What Israel’s New Law Means and What Comes Next
On Monday, the Israeli Knesset passed the Reasonableness Standard Law, part of Prime Minister Benjamin Netanyahu’s set of proposals to limit the Supreme Court’s power. The bill “prevents judges from striking down government decisions on the basis that they are ‘unreasonable.’” The bill passed 64-0, approved solely by the governing coalition members, while opposition members abstained.
The bill’s passage has caused an uproar, including protests in the street and polarized reactions both in Israel and throughout the world. Opposition lawmakers jeered the bill during the session and stormed out of the chamber. The United States has condemned the bill, as the White House considers the vote “unfortunate.” Rallies within Israel have ranged from supportive to combatant.
Netanyahu aims to curb the Court’s power. The next bill, which might present an even larger battle than the Reasonable Standard Law, concerns Netanyahu’s desire to address the Court’s ability to choose its judges without the voice of the people being heard, adding checks to a Supreme Court with an imbalance of power.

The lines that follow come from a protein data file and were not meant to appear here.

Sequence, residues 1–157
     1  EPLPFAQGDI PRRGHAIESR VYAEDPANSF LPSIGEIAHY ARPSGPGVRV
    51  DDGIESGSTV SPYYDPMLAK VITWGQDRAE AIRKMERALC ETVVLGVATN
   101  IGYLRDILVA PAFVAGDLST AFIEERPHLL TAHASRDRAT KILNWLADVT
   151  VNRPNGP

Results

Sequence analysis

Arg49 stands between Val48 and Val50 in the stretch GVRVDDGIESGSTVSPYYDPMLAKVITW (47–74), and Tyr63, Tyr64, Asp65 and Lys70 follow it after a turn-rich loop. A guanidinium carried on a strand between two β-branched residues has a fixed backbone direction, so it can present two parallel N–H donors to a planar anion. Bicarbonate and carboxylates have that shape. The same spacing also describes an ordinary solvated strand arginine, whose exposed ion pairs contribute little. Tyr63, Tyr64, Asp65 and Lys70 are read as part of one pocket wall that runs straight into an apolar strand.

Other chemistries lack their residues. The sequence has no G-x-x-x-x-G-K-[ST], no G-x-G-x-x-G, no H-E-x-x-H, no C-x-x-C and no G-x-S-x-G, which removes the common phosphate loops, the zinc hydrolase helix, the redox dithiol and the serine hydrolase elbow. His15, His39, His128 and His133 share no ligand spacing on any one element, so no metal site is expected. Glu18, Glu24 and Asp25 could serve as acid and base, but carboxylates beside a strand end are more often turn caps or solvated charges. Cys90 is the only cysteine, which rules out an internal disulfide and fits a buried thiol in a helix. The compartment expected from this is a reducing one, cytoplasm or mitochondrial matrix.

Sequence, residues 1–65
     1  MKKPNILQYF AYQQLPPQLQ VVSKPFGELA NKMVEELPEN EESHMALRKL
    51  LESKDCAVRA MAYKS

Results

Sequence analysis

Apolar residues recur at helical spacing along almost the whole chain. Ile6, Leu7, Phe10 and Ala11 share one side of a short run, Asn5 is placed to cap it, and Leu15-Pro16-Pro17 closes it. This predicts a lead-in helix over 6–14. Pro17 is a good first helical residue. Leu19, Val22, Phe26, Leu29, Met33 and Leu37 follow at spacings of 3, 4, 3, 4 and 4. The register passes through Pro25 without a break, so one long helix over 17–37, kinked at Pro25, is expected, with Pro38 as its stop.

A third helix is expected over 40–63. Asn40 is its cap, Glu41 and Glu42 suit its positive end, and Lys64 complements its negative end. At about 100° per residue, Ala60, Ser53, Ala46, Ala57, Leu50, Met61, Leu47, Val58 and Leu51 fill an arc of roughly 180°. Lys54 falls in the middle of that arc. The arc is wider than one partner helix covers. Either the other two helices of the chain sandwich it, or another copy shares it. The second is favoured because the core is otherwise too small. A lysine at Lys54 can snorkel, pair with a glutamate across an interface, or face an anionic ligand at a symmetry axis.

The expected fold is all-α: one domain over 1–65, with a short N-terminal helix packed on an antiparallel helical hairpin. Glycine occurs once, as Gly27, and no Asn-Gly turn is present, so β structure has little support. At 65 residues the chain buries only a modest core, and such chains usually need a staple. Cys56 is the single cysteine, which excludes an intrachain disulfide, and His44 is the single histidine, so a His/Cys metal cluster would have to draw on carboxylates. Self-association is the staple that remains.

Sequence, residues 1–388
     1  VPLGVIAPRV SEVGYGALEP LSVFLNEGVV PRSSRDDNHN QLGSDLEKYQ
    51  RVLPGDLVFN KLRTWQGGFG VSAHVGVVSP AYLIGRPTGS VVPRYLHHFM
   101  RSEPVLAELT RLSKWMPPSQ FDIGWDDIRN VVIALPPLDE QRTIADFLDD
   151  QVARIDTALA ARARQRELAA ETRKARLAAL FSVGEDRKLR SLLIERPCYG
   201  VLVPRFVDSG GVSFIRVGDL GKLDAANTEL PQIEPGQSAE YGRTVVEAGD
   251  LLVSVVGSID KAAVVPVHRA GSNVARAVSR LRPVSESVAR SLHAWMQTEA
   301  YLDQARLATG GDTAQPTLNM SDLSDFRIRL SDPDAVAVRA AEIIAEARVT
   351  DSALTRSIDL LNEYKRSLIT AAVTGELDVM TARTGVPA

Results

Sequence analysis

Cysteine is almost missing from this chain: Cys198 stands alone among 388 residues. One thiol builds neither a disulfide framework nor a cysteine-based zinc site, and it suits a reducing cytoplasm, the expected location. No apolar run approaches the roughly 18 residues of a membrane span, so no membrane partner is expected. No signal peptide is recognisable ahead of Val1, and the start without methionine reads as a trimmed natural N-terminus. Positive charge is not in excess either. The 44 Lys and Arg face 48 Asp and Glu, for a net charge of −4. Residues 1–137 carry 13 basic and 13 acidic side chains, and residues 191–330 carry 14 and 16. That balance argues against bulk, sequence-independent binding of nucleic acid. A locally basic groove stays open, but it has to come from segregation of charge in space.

Critics say Netanyahu will gain too much power if his plans fully succeed, as he will not only have influence over the legislative and executive branches of government but also gain power by weakening the judiciary, the third branch. Supporters point to former Supreme Court President Aharon Barak’s overreach of power in 1990, when he gave the high court the right to overturn any laws set by the Knesset, as the reason Netanyahu’s overhaul is necessary.
It seems that both sides desire, at least publicly, a balanced government. Each side fears either the executive or judiciary branch will hold too much power depending on the outcome of Netanyahu’s proposals, and these feelings have sparked demonstrations. Regardless, the unrest Israel faces right now is unsettling, especially as other countries set their sights on the nation and try to influence its decision. Whether Israelis like it or not, this bill is now law, and they must get used to this new reality, as lawmakers prepare to continue voting on the rest of Netanyahu’s proposals.